Being apart of a real estate transaction is not something most of us do very often, maybe only a couple of times throughout our lives. But yet lots of us assume that we understand the world of real estate based on experiences of family and friends or things that we have heard or read. Real estate myths are often passed between buyers and sellers. Some of them have bits of truth, where others are outright falsehoods. Buying into these myths can hurt your chances of buying or selling the right home at the right price. Avoid this mistake by educating yourself on the fact and fiction of real estate.
Myth: Spring is the best time to sell
Real estate seasons have historically been tied to summer and the end of the school year. Typically, buyers and sellers with families wanted to move during the summer so their kids could start fresh in the fall. This is how spring became prime real estate season. And while it’s true that there are more homes for sale in the spring, this isn’t necessarily the best time to sell your home.
Reality: During and after the holidays is the best time to sell. Today, the demographics of home buyers has changed. More than half of home buyers are single and their decisions aren’t based around school schedules. Instead, the best time to sell has become November, December, and January. It comes down to a supply and demand issue. Most sellers assume that during this time, buyers aren’t looking seriously and therefore won’t even considering listing their homes. So from November – January, savvy sellers will face less competition with a strong pool of serious buyers, making it a great time to sell.
Myth: “For Sale by Owner” saves you money
When choosing to sell your home you have two options. One is to pick an agent who understands your requirements and will look out for your interests. The other is to put up a “For Sale by Owner” sign and handle it all yourself. By choosing the latter, many people believe they can save themselves money by not paying commission. There may be a few sellers who manage to pull this off, but there is more to the home selling process than meets the eye.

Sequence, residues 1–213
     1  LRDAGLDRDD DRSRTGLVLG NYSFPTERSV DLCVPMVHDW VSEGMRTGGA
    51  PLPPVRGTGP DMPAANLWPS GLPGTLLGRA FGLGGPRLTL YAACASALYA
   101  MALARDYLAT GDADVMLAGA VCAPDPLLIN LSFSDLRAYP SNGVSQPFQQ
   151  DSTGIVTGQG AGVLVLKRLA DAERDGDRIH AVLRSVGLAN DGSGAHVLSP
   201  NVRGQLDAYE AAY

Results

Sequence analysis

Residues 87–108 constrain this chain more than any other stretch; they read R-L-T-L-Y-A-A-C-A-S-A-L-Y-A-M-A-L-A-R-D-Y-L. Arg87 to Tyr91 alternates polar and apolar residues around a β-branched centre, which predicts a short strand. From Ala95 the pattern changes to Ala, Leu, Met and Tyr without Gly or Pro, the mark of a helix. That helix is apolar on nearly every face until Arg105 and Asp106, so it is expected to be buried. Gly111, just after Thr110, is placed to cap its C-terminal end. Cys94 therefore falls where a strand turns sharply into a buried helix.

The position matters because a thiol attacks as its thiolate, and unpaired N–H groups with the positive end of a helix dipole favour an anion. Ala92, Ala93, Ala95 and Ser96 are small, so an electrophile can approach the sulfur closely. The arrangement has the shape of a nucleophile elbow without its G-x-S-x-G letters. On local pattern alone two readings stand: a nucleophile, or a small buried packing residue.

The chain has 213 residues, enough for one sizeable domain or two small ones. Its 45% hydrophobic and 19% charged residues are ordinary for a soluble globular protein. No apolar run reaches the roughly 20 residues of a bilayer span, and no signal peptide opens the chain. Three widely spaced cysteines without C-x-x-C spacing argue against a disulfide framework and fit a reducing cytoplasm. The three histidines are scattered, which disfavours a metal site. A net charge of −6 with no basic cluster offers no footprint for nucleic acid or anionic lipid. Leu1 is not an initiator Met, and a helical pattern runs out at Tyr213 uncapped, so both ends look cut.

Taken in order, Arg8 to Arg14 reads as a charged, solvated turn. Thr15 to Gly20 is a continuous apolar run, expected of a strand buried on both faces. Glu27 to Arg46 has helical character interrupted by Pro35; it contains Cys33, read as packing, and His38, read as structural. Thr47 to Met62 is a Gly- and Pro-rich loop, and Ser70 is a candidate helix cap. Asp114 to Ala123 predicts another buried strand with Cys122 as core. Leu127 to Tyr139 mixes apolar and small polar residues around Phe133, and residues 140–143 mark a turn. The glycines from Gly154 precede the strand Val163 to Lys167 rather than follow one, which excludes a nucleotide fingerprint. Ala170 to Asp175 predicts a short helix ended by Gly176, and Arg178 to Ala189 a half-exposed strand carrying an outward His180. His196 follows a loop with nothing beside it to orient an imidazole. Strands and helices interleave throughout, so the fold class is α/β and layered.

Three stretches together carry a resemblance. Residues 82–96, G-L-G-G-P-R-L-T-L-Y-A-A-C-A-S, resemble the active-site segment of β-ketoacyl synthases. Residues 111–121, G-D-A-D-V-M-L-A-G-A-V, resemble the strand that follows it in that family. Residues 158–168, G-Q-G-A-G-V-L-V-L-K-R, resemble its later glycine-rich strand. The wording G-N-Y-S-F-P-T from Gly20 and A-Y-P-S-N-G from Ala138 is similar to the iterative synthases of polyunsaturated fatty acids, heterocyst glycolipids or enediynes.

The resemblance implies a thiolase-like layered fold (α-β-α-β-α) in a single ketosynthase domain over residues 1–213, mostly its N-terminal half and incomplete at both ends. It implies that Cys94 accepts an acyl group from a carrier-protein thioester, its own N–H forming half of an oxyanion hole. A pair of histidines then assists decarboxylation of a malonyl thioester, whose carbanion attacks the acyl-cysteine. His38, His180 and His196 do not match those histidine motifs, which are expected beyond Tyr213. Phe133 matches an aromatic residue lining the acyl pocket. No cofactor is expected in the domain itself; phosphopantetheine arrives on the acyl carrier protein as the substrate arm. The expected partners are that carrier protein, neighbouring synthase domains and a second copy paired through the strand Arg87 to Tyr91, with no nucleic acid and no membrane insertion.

Reality: There are some people who do successfully sell their homes on their own, but they need specified skills. The majority of us aren’t trained in this type of negotiation or to successfully close a sale knowing that we saved money. Statistics have shown that “For Sale by Owner” homes tend to sell for about 15 percent less than homes sold through a realtor. On top of that, there are other obstacles that a seller without an agent might face. The home will have less visibility and avenues for advertising, there will be legal forms and disclosures to prepare, and you will need to take lots of time to educate yourself on the current market. By hiring a realtor, you will be saving yourself lots of time, energy, and stress. It just depends on whether that outweighs the cost of commission for you.
Myth: A cash offer trumps all other offers
There is an underlying assumption that when considering two different options, a seller will automatically go for the cash offer because there is less risk involved. Because of this, when a buyer hears they are competing with a cash offer they will assume they won’t get the home. At the same time, buyers with cash offers assume they can offer below the asking price and it will most likely be accepted.
Reality: Savvy sellers tend to be more attracted to a well-financed offer. Consider a seller with a home priced at $400,000. The seller has two offers: one is a cash offer of $380,000. The other is an offer for the full asking price, with 25 percent down, a bank pre-approval letter, and swift contingency periods. Upon learning that their client is up against a cash offer, a good buyers’ agent will arm the seller with information supporting their client’s finances or even arrange a phone call between the seller and the lender. Therefore, making their clients offer stronger than cash.